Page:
Failure of Virginia State Constitutional Convention to grant women the franchise
Clark discusses the first effort of the Equal Suffrage League's effort to amend the Virginia state constitution to extend suffrage to women. In describing the General Assembly's refusal, Clark talks about how doing so would have given the General Assembly the white electoral majority they wanted. Her comments are revealing of tensions surrounding race and gender in the post-Civil War South.
Citing this Excerpt
Oral History Interview with Adele Clark, February 28, 1964. Interview G-0014-2. Southern Oral History Program Collection (#4007) in the Southern Oral History Program Collection, Southern Historical Collection, Wilson Library, University of North Carolina at Chapel Hill.
Full Text of the Excerpt
It was in the
legislature of 1912 that the resolution to amend the Virginia
Constitution was proposed. The Virginia Constitution was at that time
only ten years old, because we are living under a constitution which had
its inception in 1900 and was proclaimed in 1902. If I may run back a
moment, because this is a little informal, when the Constitutional
Convention of 1900-1902 was meeting, Mrs. Carrie Chapman Catt came to
Richmond and spoke before the Privileges and Elections Committee of the
Constitution, urging that woman's suffrage be put in the
Constitution. Mrs. Valentine told me that she had received a letter from
Mrs. Kate Gogan Bruns, of a New Orleans family, who was living in
Charlottesville at the time, and Mrs. Bruns wrote her and asked her to
meet her and Mrs. Catt at the Capitol and to appear before the
Privileges and Elections Committee. It was at that time that Mrs.
Valentine met Mrs. Catt. I have not been able to find any record of it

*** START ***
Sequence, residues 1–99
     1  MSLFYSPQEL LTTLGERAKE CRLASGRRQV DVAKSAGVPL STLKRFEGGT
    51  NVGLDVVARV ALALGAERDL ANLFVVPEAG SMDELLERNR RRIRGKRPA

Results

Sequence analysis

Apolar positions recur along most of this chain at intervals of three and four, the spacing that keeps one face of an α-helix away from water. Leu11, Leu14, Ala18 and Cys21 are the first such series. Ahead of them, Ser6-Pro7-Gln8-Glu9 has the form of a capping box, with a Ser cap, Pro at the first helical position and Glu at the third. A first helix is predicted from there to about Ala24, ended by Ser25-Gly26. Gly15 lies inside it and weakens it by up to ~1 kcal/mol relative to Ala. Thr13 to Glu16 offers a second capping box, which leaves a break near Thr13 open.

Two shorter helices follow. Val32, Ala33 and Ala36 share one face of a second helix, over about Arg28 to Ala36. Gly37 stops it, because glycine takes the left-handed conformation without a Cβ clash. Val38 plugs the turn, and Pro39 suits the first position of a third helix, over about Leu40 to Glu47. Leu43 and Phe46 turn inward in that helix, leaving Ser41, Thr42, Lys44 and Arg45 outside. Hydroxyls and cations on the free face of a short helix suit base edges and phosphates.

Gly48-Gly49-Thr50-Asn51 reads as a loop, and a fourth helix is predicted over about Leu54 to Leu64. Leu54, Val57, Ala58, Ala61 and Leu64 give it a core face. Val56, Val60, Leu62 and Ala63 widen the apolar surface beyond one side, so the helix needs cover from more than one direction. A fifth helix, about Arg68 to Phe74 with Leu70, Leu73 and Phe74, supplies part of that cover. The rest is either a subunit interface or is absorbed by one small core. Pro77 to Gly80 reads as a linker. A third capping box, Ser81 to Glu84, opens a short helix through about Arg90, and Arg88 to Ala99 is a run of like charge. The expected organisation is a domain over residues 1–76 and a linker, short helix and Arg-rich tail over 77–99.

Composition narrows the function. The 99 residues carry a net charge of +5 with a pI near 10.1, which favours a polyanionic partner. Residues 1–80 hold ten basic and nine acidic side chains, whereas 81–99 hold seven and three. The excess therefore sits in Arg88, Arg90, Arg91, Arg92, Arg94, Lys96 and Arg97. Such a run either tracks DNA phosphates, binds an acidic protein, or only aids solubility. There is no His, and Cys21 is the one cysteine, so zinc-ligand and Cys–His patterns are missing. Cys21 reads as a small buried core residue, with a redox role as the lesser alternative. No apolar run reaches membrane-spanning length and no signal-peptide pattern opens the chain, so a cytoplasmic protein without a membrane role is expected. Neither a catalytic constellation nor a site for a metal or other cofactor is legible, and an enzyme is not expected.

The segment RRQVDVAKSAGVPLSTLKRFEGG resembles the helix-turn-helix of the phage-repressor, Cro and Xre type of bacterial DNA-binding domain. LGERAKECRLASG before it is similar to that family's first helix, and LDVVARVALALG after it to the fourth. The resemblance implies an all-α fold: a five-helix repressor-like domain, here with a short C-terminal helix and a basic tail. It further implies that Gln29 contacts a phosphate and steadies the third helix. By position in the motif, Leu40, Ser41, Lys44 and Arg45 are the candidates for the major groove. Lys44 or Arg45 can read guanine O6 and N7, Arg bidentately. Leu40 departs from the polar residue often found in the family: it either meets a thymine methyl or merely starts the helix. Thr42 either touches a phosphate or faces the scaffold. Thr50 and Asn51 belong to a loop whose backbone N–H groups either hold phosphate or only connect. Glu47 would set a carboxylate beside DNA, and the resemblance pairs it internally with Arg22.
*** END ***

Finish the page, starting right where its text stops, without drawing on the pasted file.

in the records of the Constitutional Convention, because only floor
action was recorded, and the committee action, if it is on record
anywhere, has never been discovered. It has always
seemed to me such a curious thing that the men of Virginia, as well as
of the South, did not realize that they could have preserved what they
were so anxious to preserve - the white electorate
majority - had they enfranchised the women of the South.
Because the Fourteenth Amendment was not at all concerned with Negro
women voting. The Fourteenth Amendment to the Constitution, which
enfranchised the Negro, enfranchised only the Negro men, disfranchised
all of the white men who had borne arms for the Confederacy. And, as you
know, most of the South was under military district rule for anywhere
from five to ten years, and therefore, had the southern men, when they
began to write new constitutions, enfranchised the women, the federal
government could not have touched the fact that they enfranchised white
women. Because the Fourteenth Amendment didn't say anything
about women, and they could have got a large white majority very easily,
but they never seem to have thought about it. Anyway, the Constitutional
Convention did nothing about the enfranchisement of women, and the
suffrage movement did not begin until 1909.